Porous structure 16 should be of relatively high porosity to maximize gas reservoir volume for a given thickness of material. However, this must be balanced by the fact that structure 16 should also be substantially rigid and inextensible in the thickness direction so that microporous sheet electrode 4 is substantially stationary relative to foundation 19 (e.g. a wall) to which the transducer is bonded by adhesive layer 18. If electrode 4 is not held stationary relative to foundation 19, then depending on the relative values of the other impedances, the electrostatic force may move electrode 4 instead of electrode 2 and this will lower the performance of the device. This requirement suggests a preference toward rigid materials for porous structure 16. The depth of structure 16 is dependent upon its desired porosity and the effective gas volume per unit area de required for the particular application. Larger depths yield large de and hence a lower stiffness impedance for the gas, which is desirable in most applications. However the maximum thickness tolerable will depend upon the particular application. For many applications, the depth of structure 16 is likely to be within the range of 0.1 mm to 10 mm.
Elastomeric microstructure 3 may be formed on the surface of conductive sheet 2 using proprietary microreplication process technology services available from parties such as 3M Optics Technology Centre, St. Paul, Minn. The design of microstructure 3 and selection of elastomer formulation will depend on the performance and manufacturability requirements for a particular application. In general, an elastomer with high resilience and high dielectric strength is preferable from a performance standpoint.
The gas pocket depth, d, is also determined by application requirements. Where high driving pressures are required, the pocket depth will typically be less than the Paschen minimum distance for the gas 8 and gas pressure in order to obtain high dielectric strength as described in U.S. Pat. No. 4,885,783 (Whitehead et al). For air at standard pressure, the Paschen minimum distance is approximately 16 μm. In applications where less driving pressure is required, and more allowable amplitude would be desirable, larger gaps may be used at the expense of higher operating voltages.
Elastomeric microstructure 3 may be bonded to surface 4 at interface 6 by a number of suitable adhesive processes such as spray or roll coating of a thin adhesive film (not shown) onto either of elastomeric microstructure or surface 4. The adhesive should be able to withstand the dielectric and mechanical stress of the intended application and should be as thin as possible to achieve these objectives so as not to substantially increase the voltage required to operate the device. Also, the adhesive should not substantially block the flow of gas through microperforated electrode 4. If thermo-plastic elastomers are selected for microstructure 3, thermo-plastic bonding may prove to be a desirable method of bonding elastomer 3 to surface 4.
The transducer just described is operated by connecting one terminal of voltage source 20 to electrode sheet 2 and the other terminal to perforated electrode sheet 4. The applied voltage may be similar to that commonly used in the art consisting of a DC bias (Vdc) and an AC signal (Vac). If Vac is small compared to Vdc then the time varying electrostatic force per unit area Pe produced will be as follows: ##EQU2## where h is the interelectrode spacing and ε is the electrical permittivity of the dielectric. This electrostatic force per unit area will result in a deformation of elastomeric microstructure 3 and a relative motion between the two electrodes. If, for example, porous structure 16 supporting electrode sheet 4 is fixed to a foundation, and carrier film 1 with optional protective covering layer 15 are free to move, then electrode 2 will move in response to signal voltage Vac. For a small range of amplitudes, this motional response will be in approximately linear proportion to the driving signal Vac. A number of other driving arrangements may be used, depending upon the particular application.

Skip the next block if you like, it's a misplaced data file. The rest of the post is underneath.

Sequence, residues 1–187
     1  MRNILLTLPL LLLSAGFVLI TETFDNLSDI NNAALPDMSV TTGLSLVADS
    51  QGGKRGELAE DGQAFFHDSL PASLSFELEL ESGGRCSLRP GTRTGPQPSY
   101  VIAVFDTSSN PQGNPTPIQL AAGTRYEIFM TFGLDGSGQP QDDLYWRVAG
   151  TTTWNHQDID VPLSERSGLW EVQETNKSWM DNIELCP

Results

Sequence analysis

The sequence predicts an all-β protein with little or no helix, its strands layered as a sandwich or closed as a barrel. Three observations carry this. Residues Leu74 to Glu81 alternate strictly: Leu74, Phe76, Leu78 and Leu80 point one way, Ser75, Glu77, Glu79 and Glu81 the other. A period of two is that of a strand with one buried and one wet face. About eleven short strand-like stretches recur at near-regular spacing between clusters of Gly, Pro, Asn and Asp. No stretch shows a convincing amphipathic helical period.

The motion of electrode 2 relative to perforated electrode 4 compresses gas 8 between electrodes 2, 4 causing gas 8 to flow through pores 14 into porous gas reservoir structure 16. If the viscous and mass impedances of this gas flow are small compared to its compressire (i.e. stiffness) impedance, then its effective stiffness impedance can be calculated based on the sum of the volume of gas in porous gas reservoir structure 16 and in the interelectrode gas pockets 8 in accordance with Eq. 1 above. Since the volume of gas per unit area can be made very large in porous gas reservoir structure 16, the effective stiffness impedance of the gas in the transducer can be made at least one order of magnitude lower than it would otherwise have been. If the stiffness impedance of the gas is made very low, then the stiffness impedance of the elastomer microstructure will dominate.
The transducer depicted in FIG. 1 is similar in functionality to devices previously described in the parent application U.S. Ser. No. 08/091,009 in that a series of recessed regions of gas pocket depth substantially greater than the interelectrode gas pocket depth are used to increase the effective volume of gas per unit area and hence reduce the dynamic stiffness per unit area of the gas. However, the present design is an improvement in that it appears to be significantly less expensive to construct in order to achieve similar functionality. Nonetheless, the present design is limited to a maximum displacement which is some fraction (e.g. 30%) of the gas pocket thickness. As mentioned earlier, it is desirable in many applications to be able to increase the maximum volumetric displacement of the transducer beyond this amount. Multilayering of the transducer can be used to achieve this, but results in a greatly increased mass impedance which is typically undesirable.